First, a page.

jlink
Saturday, July 02, 2022
Advertisement

At this time of the year, as my children complete yet another year of school, I gasp and have to acknowledge that time flies! I also tend to become reflective and think about what I have achieved during this past year and what I haven’t. No one is perfect and I am no exception, so I must acknowledge that I have my share of mistakes and missed opportunities. How I deal with falling short of the mark is something I grapple with, not only in counseling others as a chaplain (or otherwise), but on a personal level as well.

As I was pondering this, my focus shifted to this week’s Torah reading, Parshas Shelach, which yielded an observation that I had not thought of before, and that sheds light on a possible viable strategy in this area.

Shelach opens with leaders of the 12 tribes being dispatched to scout out the land of Israel and report back to the people on what they had seen. While a full examination of that episode is far beyond the purview of this column, I will focus on specific aspects for the purpose of developing my insight. All of the spies saw very negative and troubling sights; While two of them, Joshua and Caleb, encouraged the people not to lose faith and remain with the plan to enter and conquer the land of Israel, the other 10 spies promoted the idea that, in light of what they saw, that would be an impossible task. As recorded in Numbers 14:1: “The entire assembly raised up and issued its voice: the people wept that night.” Hashem subsequently declares that this generation will perish in the desert and it will be the next generation which will enter the land of Israel. The date of this seminal episode, as recorded in Babylonian Talmud Taanis 29a, was Tisha B’Av, the Ninth of Av. Rashi, the eminent commentator, records a sobering insight on this episode in his comments to Psalm 106, verse 27 “V’amar Hakadosh Barouch Hoo ham bachoo al chinam v’Ani akaveh lahem bechiah l’doros” “And Hashem said they cried over nothing, I will enact for them crying {on this date} for generations.” Rashi states that Hashem thus established that the Ninth of Av would be a day of tragedy for the Jewish people in future generations, characterized by events that will yield real reason for tears. Indeed, many tragedies have occurred on that date, including the destruction of each Beis Hamikdash.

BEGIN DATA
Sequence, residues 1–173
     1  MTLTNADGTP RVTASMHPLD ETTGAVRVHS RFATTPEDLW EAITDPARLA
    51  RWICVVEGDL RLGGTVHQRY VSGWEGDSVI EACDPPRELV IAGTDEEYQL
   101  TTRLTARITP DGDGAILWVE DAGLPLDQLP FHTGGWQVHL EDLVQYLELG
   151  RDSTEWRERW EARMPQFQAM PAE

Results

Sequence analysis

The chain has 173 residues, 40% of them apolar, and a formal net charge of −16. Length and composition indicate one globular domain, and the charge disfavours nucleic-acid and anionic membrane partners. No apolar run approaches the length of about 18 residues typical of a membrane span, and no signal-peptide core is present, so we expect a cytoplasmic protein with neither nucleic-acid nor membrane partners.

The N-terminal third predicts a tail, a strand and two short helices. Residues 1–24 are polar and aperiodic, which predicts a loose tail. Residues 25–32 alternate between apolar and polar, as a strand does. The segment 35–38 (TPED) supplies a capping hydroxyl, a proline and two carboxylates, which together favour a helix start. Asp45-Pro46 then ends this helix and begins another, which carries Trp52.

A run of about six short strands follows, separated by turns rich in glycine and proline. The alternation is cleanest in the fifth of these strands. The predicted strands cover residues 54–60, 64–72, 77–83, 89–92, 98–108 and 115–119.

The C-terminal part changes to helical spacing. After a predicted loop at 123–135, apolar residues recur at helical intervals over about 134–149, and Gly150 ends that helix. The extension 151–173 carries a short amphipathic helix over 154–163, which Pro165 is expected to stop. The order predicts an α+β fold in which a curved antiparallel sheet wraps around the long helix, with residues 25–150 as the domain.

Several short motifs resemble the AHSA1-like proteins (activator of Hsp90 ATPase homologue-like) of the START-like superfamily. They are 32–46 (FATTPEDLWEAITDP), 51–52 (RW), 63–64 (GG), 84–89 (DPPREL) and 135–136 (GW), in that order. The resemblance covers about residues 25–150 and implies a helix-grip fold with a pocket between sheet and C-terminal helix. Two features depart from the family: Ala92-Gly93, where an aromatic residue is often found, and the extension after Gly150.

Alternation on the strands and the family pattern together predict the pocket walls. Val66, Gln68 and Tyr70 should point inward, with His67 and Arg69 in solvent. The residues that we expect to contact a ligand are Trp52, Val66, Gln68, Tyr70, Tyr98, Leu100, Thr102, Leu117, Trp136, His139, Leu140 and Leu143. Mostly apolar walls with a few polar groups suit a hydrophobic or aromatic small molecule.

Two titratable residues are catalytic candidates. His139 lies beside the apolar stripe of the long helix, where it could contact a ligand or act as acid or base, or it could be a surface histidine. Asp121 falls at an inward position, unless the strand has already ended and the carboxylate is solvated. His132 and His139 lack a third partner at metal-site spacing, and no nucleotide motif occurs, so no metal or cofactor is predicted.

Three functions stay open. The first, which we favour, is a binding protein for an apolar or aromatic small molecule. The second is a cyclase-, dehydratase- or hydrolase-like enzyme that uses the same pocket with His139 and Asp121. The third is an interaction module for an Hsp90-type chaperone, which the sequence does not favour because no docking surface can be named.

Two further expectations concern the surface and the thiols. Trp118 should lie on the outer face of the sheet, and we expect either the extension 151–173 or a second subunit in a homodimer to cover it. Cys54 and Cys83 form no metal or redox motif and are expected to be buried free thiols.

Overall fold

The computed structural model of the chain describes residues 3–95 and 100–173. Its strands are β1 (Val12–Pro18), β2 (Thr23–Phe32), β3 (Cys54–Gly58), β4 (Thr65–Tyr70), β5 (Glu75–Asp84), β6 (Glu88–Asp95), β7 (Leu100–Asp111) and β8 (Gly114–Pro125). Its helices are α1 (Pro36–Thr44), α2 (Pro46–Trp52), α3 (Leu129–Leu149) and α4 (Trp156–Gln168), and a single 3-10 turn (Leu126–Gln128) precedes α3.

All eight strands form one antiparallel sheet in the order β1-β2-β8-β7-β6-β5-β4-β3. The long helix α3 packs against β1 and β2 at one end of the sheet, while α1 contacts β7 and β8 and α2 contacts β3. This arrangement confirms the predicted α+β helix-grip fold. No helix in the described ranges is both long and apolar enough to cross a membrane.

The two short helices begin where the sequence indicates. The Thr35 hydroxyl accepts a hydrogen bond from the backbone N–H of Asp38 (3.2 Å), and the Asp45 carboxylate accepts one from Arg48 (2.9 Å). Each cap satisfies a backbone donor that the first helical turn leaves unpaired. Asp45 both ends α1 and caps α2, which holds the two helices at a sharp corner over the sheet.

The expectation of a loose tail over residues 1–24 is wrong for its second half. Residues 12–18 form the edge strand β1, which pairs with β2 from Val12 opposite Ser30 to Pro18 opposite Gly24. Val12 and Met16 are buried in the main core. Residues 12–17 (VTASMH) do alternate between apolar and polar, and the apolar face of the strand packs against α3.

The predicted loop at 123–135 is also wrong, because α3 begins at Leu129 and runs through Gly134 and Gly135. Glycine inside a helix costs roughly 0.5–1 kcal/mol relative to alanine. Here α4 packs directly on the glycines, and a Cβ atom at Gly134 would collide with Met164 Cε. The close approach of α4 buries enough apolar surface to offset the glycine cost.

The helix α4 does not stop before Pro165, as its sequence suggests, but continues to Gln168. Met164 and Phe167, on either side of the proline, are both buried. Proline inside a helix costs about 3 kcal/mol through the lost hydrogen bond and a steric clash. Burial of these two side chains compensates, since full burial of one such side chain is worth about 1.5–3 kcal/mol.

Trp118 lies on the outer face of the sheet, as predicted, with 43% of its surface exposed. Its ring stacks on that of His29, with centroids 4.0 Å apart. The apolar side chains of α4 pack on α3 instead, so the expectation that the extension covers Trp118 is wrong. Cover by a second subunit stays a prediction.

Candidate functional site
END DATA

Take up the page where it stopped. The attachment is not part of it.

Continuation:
If one reads chapter 14 in Bamidbar (Numbers), we see Hashem is clearly displeased by the lack of faith of the nascent Jewish nation, which has reached its zenith following the report of these tribal leaders, and their punishment at that time is a clear result of their actions. But what message lies in the establishment of this date, for so many generations to come, to be the time for calamity to strike?

Let us look carefully at what Rashi said “they cried for nothing.” Was the crying not the result of listening to the negative report; How is that for “nothing”? Maybe the heart of the problem was that those involved became so caught up in the signs of trouble that they lost faith in Hashem’s promise that they would enter and conquer the land. Even when Joshua and Caleb encouraged the people that Hashem could and would fulfill His promise, the crying mob was ready to pelt them with stones! (Numbers 14: 8-10). This generation had left Egypt and seen Hashem’s salvation and miracles time and time again, yet had now reached the point of desperation and not trusting in Hashem.

Perhaps this answers what Rashi articulated in his commentary: Hashem is saying if you reach the point of thinking I will not keep my promises and can’t help you, then you have a completely inaccurate perspective, and your warped conclusion indeed equals nothing. Perhaps this is why Hashem designated this date to be such an inauspicious one; to implant the fundamental notion that, even in the most difficult of circumstances, we must never reach the point of thinking Hashem has utterly rejected us.

All emotions are valid including negative ones; certainly there may be endless reasons why one is sad, upset, angry, depressed and the like. Those who are going through them, like anyone else, deserve to be heard and helped. But just as one has to push the brakes on a car lest it slide out of control, one needs to have a sense of proportion and not arrive at “tunnel vision.” While we all suffer personal (and at times national) trials and tribulations, we must not allow ourselves to dwell in despair and think a situation is absolutely hopeless. Hashem is there, wanting us to reach out to Him and waiting to help us.


Rabbi David Blum provides pastoral care throughout New Jersey as part of the Rabbi Chaim Yosef Furst Chaplaincy Program, which is conducted via Congregation Ohav Emeth of Highland Park, and the Chaplaincy Program of the Jewish Federation of Greater Metrowest. He resides with his family in Highland Park, and may be contacted at [email protected]

Share
Sign up now!